First Principles of Technical Analysis (3/?)

2: Trends are more likely to continue than to end

[dc]T[/dc]he previous post in this series considered the first principle of price behavior: that markets tend to alternate between periods of trends and trading ranges. This post will dig a little deeper into the power of an intact trend and the second principle–that trends, once set in motion, are more likely to continue than to end.

Some traders love to pick tops and bottoms. It is a huge ego rush to have sold the high in Gold or to have picked the exact bottom in a pharmaceutical stock that melts down because it was denied an FDA approval. However exciting they are, trades like this are probably not how most traders are going to build a trading career. It is far simpler to trade on the side of the trend, and the easiest money in the market is to be made in alignment with the trend. In fact, a simple, but effective, trading plan could be to identify trending markets and use the more or less predictable elements of trend structure to position yourself on the same side as the trend. Trading with the trend is more forgiving because the power of trend continuation allows you to be a little early or late on your entries and still make profits; if you are aligned with the trend, many mistakes may be forgiven.

Given any chart, your first thought should be do identify the trend and to find ways to position yourself in that trend. Carefully examine your instincts. If you find yourself always wanting to fade the trend, you probably need to make some changes to your thought process or you are likely in for a short and painful career as a trader.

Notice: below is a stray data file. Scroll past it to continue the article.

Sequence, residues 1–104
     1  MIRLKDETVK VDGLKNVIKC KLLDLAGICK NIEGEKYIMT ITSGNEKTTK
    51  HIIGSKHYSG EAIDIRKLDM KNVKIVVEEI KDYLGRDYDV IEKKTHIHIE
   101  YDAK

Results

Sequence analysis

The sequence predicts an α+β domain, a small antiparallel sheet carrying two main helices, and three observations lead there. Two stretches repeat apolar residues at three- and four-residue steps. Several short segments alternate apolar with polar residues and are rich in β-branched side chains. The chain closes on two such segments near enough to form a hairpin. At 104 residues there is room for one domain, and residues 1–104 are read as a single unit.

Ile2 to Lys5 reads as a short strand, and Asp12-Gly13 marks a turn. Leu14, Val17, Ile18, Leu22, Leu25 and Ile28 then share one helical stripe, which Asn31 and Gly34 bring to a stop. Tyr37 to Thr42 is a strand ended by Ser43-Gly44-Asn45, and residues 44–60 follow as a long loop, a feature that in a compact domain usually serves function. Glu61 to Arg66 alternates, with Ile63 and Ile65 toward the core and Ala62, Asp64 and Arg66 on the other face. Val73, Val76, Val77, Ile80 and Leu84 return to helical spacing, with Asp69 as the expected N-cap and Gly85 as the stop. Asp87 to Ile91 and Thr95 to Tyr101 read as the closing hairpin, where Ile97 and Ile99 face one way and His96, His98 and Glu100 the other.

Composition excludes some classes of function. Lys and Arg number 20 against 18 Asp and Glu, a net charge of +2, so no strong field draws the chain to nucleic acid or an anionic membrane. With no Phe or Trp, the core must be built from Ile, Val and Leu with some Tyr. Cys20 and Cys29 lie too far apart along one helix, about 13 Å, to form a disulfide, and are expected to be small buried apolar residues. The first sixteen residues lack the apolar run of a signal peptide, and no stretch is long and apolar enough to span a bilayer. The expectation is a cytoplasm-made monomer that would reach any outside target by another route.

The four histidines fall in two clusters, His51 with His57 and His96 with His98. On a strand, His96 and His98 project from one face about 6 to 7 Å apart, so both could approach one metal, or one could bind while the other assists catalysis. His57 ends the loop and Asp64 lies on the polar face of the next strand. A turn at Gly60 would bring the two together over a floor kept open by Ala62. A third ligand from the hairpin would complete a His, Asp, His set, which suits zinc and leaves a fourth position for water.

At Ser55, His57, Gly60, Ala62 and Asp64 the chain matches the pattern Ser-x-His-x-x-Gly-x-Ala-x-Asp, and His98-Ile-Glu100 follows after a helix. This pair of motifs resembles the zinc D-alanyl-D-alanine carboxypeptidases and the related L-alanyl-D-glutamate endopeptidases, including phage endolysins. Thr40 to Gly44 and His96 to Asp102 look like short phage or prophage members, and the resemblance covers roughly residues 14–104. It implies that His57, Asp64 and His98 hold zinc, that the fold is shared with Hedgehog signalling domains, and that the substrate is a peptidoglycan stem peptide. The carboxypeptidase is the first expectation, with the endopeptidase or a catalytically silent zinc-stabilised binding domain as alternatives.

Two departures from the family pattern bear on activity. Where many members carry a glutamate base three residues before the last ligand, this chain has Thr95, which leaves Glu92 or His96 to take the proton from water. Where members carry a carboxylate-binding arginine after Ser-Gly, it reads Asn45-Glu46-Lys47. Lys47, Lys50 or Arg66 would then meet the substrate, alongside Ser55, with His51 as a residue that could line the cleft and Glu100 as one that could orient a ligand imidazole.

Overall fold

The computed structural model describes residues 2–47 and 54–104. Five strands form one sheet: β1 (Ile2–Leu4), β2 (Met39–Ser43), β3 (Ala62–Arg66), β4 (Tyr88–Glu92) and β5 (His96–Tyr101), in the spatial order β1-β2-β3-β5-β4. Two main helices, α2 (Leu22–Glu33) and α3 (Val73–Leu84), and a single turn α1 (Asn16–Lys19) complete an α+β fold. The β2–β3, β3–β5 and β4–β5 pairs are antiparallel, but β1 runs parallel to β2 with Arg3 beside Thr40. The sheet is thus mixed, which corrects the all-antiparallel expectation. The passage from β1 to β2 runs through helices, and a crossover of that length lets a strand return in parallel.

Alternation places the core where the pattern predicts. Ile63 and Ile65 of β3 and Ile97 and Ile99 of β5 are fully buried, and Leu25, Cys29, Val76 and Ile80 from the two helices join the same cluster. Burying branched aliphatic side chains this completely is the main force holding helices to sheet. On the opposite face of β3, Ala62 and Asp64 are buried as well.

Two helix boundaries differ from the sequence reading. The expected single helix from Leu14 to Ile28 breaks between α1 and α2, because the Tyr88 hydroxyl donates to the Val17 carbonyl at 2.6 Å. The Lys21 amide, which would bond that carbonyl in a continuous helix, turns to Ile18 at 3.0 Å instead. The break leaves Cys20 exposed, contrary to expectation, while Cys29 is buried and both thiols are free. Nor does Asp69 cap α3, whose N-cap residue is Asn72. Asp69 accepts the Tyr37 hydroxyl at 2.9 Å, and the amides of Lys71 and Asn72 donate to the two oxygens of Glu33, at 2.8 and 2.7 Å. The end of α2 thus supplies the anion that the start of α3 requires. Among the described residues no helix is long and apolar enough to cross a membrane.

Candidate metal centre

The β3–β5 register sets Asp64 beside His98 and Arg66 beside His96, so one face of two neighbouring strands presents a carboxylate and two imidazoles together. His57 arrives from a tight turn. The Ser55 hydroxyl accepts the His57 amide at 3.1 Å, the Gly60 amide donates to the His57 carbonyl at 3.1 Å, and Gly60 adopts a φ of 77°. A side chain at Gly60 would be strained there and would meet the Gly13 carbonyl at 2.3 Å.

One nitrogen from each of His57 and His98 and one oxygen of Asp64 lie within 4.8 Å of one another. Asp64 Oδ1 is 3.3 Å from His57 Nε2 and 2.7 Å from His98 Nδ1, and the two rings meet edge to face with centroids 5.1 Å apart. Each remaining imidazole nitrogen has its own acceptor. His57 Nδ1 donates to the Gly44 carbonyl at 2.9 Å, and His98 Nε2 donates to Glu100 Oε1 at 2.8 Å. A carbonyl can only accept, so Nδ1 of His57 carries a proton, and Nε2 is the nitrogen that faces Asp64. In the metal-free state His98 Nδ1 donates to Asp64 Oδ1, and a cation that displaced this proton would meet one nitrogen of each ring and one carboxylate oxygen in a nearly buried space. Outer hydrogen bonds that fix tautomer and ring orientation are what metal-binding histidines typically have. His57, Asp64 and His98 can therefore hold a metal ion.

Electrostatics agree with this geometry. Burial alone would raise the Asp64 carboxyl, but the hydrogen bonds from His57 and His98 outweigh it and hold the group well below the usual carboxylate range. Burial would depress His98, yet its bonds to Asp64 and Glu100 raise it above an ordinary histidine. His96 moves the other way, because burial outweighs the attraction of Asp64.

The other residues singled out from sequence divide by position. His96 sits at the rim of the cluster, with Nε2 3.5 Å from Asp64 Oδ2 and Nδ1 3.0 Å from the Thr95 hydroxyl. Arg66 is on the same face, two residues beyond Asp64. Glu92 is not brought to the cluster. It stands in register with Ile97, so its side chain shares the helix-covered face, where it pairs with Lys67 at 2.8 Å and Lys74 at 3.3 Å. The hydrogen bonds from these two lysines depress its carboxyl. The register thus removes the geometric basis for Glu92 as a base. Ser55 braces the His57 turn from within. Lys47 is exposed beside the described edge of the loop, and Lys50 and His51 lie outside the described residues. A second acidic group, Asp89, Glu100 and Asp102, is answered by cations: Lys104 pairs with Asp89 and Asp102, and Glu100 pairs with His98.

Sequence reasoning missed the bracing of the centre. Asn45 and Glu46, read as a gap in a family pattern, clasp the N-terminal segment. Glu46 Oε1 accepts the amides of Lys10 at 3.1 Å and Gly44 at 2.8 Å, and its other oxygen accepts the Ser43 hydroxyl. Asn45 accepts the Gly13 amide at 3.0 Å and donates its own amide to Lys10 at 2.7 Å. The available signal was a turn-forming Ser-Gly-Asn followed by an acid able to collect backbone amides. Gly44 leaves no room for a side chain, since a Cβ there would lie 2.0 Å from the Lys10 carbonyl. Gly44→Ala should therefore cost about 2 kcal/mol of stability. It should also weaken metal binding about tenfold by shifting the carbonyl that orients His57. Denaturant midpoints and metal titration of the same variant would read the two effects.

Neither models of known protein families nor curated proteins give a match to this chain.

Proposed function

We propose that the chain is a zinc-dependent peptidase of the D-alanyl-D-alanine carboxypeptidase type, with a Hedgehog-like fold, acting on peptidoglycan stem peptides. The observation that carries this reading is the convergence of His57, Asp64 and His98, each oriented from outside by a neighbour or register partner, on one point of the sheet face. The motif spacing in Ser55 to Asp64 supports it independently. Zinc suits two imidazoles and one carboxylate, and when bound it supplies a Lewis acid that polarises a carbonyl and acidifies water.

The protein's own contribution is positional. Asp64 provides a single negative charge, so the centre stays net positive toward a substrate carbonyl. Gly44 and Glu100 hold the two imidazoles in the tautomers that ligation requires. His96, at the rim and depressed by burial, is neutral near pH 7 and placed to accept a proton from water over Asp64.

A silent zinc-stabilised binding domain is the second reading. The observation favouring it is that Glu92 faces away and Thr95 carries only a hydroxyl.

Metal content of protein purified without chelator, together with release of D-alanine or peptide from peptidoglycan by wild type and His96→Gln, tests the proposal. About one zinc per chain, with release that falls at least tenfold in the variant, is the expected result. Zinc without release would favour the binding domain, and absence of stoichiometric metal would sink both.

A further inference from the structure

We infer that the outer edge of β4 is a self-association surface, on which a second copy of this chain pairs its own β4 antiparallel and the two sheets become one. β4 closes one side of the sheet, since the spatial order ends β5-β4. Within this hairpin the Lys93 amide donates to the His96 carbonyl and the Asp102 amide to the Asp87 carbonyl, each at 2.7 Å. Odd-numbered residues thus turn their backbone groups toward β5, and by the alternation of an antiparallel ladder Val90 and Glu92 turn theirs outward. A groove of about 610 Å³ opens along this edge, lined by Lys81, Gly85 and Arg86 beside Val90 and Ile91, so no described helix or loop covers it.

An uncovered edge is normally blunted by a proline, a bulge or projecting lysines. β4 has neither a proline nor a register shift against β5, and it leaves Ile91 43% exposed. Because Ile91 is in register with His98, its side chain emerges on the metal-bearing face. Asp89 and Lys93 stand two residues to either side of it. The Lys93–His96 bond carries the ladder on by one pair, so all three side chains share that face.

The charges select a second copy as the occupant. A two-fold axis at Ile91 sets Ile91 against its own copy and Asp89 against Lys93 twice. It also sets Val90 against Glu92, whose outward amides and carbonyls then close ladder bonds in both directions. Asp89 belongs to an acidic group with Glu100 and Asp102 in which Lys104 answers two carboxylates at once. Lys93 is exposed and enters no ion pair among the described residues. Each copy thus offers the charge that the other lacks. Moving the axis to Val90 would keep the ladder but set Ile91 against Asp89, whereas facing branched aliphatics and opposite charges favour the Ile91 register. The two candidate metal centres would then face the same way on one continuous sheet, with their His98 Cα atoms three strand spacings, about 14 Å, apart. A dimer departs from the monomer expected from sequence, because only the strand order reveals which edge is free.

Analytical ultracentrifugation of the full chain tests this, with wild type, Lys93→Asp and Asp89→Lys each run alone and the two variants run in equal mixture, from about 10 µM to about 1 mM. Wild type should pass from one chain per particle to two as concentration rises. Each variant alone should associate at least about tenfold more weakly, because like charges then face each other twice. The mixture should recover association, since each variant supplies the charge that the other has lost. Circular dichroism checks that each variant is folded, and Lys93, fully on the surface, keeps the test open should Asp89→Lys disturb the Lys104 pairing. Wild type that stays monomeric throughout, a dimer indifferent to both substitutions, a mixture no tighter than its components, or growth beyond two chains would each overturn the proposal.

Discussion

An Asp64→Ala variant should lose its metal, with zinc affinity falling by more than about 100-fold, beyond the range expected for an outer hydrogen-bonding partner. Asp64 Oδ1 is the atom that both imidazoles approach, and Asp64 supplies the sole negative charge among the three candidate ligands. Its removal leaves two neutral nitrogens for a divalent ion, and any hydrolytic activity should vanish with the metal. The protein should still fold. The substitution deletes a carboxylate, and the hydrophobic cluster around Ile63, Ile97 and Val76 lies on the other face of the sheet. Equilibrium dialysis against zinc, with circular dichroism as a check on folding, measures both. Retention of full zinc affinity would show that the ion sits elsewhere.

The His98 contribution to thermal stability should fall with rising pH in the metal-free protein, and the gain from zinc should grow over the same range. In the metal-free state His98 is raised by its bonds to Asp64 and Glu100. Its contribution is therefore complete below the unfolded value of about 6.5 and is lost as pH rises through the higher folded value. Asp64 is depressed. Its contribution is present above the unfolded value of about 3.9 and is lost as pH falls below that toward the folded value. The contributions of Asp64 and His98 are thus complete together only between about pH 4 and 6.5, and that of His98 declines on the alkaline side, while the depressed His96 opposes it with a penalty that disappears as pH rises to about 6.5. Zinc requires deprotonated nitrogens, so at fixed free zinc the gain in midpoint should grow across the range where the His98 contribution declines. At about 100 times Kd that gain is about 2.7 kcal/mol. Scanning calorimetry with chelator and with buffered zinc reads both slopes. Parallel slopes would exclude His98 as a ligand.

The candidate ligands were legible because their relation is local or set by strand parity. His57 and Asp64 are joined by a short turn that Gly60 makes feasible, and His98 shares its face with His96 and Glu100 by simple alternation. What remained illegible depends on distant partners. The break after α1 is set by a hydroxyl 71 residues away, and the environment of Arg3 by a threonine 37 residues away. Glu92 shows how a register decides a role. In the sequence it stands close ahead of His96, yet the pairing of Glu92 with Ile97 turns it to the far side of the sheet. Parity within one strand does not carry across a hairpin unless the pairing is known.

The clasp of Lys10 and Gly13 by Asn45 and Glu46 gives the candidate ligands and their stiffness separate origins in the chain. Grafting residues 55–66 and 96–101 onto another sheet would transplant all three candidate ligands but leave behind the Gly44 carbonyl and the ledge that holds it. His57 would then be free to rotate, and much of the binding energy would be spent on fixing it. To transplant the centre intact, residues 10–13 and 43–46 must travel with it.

Rather than spending your time examining moving averages or looking for chart patterns, most trader’s mental energy would be best spent trying to understand what the characteristics of price patterns are in both trends and trading ranges. Here are a few generalizations to get you started:

  • In trends, the basic price pattern is an impulse move, a retracement against that impulse move, and then another trend leg in the original direction.
  • One of the best technical trades there is comes from identifying impulse moves, entering on the counter-trend retracement against that move, and holding the trade as the market turns back in the direction of the impulse move. There are many ways to trade this concept, ranging from positioning in the retracement to entering the with-trend momentum when the market turns.
  • Understanding length of swing analysis can give early warnings as to when the balance of buyers and sellers has shifted in any market.
  • Note that the standard definitions of trends should probably be treated as guidelines, rather than hard and fast rules.

In the next post, a look at some of the standard patterns of trend terminations.



Adam Grimes has over two decades of experience in the industry as a trader, analyst and system developer. The author of a best-selling trading book, he has traded for his own account, for a top prop firm, and spent several years at the New York Mercantile Exchange. He focuses on the intersection of quantitative analysis and discretionary trading, and has a talent for teaching and helping traders find their own way in the market.

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